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The artwork represents Priapus, Greek-Roman deity and symbol of virility and fertility. Its cult dates back to the ancient Greece and it is believed to come from Anatolia. Born from the union of Zeus and Aphrodite, it would arouse the wrath of Hera, which for revenge would give the child a grotesque appearance and a giant phallus. Because of his appearance and sexual incontinence, Priapus was soon expelled from the Olympus mount.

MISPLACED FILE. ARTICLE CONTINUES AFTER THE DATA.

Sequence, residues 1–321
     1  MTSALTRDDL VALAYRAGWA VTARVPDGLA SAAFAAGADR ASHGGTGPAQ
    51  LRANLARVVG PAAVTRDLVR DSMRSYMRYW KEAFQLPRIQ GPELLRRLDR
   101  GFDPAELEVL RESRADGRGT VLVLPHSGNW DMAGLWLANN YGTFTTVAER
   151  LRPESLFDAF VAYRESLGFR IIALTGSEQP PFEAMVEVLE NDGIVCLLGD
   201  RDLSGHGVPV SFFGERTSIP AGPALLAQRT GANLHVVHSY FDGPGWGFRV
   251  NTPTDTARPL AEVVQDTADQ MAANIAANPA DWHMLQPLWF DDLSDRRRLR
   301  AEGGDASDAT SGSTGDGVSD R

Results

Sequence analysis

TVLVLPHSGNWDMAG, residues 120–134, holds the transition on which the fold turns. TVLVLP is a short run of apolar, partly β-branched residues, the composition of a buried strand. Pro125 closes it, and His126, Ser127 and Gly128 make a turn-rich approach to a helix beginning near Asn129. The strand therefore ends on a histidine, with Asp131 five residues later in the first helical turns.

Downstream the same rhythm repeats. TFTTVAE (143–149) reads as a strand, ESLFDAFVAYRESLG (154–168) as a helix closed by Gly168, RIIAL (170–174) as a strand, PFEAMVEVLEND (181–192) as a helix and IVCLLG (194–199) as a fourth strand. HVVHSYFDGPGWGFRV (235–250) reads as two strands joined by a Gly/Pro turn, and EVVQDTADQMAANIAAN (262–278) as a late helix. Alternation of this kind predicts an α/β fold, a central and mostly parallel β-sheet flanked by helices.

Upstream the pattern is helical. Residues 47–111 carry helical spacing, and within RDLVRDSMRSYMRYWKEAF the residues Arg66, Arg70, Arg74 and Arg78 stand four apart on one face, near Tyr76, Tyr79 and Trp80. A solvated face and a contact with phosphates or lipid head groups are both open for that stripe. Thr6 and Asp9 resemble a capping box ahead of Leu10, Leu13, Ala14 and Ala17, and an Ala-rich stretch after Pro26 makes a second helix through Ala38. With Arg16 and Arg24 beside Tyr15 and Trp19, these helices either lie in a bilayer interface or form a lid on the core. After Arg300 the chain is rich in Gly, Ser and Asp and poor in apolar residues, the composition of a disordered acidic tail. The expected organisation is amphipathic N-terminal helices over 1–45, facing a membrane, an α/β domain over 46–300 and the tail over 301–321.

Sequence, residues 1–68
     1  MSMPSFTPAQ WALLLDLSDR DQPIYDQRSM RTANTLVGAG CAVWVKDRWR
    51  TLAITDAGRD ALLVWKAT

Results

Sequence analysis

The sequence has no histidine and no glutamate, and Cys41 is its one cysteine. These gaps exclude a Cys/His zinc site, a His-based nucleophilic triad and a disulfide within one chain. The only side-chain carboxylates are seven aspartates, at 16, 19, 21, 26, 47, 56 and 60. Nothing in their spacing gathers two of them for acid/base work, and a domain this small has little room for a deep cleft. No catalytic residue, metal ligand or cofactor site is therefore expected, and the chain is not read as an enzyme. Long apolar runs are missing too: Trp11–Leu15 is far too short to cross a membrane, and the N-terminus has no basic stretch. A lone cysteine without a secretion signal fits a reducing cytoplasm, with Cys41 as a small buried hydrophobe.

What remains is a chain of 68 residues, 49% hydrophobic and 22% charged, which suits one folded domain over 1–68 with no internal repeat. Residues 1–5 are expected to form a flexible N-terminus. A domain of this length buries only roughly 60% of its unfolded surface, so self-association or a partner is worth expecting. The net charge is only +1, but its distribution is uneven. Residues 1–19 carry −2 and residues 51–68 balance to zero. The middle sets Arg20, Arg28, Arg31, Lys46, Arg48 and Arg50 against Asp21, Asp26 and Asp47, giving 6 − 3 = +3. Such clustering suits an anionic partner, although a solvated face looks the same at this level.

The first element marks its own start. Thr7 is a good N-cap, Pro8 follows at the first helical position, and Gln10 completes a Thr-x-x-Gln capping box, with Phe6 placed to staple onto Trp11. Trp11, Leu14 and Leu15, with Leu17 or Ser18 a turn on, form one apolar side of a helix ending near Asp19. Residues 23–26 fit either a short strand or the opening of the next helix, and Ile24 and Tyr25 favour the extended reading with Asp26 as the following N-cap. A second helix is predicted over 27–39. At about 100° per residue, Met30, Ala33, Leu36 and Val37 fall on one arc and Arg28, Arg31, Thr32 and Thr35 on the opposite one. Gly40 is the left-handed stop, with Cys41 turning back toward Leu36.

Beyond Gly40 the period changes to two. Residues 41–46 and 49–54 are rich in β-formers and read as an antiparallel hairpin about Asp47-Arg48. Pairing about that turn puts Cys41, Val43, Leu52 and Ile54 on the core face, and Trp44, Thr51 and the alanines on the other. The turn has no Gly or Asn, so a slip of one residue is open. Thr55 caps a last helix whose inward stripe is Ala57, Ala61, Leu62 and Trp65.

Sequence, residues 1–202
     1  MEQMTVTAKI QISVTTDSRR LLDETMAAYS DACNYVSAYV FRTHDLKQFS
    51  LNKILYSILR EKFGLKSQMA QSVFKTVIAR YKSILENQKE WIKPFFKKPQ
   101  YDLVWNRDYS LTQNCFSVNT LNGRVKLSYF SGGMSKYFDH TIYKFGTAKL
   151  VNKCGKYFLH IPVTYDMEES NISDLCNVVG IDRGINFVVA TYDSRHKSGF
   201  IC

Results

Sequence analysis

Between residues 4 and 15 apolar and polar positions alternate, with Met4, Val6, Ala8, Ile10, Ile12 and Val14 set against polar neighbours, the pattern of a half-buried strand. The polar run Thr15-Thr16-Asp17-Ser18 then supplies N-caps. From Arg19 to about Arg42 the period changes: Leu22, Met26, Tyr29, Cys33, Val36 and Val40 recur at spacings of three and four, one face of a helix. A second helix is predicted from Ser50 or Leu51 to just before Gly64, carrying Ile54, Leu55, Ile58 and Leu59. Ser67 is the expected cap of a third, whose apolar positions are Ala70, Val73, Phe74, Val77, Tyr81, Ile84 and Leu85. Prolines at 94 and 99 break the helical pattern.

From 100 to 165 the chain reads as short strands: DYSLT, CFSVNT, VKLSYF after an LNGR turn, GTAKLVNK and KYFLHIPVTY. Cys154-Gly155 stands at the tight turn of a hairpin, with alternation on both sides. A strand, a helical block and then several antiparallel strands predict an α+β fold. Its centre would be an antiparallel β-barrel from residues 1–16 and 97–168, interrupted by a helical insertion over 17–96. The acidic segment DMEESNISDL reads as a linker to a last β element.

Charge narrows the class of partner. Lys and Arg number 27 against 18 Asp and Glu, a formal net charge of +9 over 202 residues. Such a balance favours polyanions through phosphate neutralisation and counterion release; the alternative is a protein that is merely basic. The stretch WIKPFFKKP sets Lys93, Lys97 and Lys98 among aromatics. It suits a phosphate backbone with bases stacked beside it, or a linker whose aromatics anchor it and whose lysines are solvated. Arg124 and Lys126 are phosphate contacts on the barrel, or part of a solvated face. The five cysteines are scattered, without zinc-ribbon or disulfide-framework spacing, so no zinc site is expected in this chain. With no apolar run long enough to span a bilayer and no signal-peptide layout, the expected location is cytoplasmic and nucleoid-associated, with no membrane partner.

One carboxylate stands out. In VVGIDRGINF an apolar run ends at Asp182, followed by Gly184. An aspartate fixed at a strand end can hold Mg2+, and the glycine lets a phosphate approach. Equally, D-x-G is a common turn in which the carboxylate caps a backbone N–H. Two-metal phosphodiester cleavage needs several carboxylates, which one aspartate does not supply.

In ancient Rome his cult is followed in the falloforie priapee long processions during which a mixture of water, honey and grape juice, representing the fruit of the divine seed, was poured on the fields propitiating the harvests. His divination was associated with the rural and bucolic world, the protection of flocks, bees and vegetable gardens. The phallic-shaped stones were in fact used to delimit the plots of arable land.
The work, performed by observing a model, was named this way for the position that recalls the act of fertilization. It represents the savage, the instinctive, the primitive, the beastly, the free from social conventions and superstructures.